MONDAY, April 11 (HealthDay News) -- When faced with a choice of treatments, primary care doctors often choose a different option than they would recommend to their patients, a new study finds.
In fact, physicians who were surveyed in the research more often chose a treatment in which they were more likely to have long-term repercussions, such as paralysis, than to die.
But when it came to advising their patients, doctors were more likely to urge the treatment with a greater chance of death vs. the one with non-lethal adverse effects, say researchers publishing their findings in the April 11 issue of the Archives of Internal Medicine.
"It's a pretty clear message: There's a discrepancy between what doctors recommend to their patients and to themselves," said Dr. Timothy Quill, author of an accompanying editorial in the journal.
"We need to try to reconcile that and make sure decisions are guided by patient values. We need to know what patients' values are, particularly in value-laden decisions," added Quill, who is director of the Center for Ethics, Humanities and Palliative Care at the University of Rochester Medical Center. "Decisions need to be guided by patients' values, not doctors'."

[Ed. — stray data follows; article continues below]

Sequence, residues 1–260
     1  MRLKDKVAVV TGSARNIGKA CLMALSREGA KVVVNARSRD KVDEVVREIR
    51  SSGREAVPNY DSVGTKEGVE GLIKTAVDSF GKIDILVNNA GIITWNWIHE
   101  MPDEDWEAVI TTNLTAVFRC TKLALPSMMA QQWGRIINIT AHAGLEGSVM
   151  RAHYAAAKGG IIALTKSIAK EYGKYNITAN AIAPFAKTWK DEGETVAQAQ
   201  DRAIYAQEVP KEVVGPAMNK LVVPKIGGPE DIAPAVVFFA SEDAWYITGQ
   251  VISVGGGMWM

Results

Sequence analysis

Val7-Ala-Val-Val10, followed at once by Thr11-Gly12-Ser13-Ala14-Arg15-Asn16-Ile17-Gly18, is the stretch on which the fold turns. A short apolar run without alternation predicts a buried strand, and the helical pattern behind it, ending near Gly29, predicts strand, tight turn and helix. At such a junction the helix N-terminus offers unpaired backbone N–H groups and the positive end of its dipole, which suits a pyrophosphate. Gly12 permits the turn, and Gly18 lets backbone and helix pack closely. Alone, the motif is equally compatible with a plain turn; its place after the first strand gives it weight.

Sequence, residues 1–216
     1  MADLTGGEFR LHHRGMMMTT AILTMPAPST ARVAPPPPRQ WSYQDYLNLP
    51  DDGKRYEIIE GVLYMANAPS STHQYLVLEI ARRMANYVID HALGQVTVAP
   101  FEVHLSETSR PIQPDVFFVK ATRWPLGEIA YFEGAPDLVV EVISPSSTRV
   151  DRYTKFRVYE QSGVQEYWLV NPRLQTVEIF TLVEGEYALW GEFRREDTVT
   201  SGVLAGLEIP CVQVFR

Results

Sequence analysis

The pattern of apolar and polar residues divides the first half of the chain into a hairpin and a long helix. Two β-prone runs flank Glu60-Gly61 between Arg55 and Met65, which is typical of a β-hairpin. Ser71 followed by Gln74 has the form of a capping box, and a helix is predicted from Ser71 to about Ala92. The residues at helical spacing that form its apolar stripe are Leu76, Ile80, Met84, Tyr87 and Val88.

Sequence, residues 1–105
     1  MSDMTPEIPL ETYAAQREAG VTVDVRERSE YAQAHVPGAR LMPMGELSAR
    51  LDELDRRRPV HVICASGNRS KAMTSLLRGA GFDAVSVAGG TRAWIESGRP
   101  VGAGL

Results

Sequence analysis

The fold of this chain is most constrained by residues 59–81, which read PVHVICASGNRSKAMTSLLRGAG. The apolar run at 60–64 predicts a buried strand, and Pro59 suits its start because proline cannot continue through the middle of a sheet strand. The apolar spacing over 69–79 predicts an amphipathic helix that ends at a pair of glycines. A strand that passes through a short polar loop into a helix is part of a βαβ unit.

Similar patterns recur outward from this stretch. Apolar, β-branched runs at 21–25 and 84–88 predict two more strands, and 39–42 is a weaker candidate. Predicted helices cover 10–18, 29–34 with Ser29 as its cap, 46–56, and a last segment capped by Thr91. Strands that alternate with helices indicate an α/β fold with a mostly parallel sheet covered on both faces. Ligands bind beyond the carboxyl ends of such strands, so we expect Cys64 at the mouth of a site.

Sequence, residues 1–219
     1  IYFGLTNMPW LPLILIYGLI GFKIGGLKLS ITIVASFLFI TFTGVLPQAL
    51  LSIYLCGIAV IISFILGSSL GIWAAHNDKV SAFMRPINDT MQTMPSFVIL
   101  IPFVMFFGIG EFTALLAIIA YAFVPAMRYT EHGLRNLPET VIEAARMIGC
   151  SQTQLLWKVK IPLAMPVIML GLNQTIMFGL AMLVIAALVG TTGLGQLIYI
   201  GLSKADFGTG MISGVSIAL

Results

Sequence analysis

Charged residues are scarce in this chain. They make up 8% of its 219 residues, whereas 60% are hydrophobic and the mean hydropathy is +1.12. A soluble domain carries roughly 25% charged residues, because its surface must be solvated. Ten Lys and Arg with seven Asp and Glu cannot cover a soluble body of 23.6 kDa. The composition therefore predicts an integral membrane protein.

The study's lead author agreed. "Doctors and patients both need to just be aware that advice giving is not as neutral as they think," said Dr. Peter A. Ubel, a physician and behavioral scientist at Duke University in Durham, N.C. "This is not just about experts handing down expertise. It fundamentally changes the way people weigh risks and benefits. A better approach would be for both of the groups, doctors and patients, to have a better discussion of what matters to the patient."
In the study, Ubel and his colleagues presented one of two different treatment-decision scenarios to primary care physicians in the United States.
For the first scenario, 242 doctor
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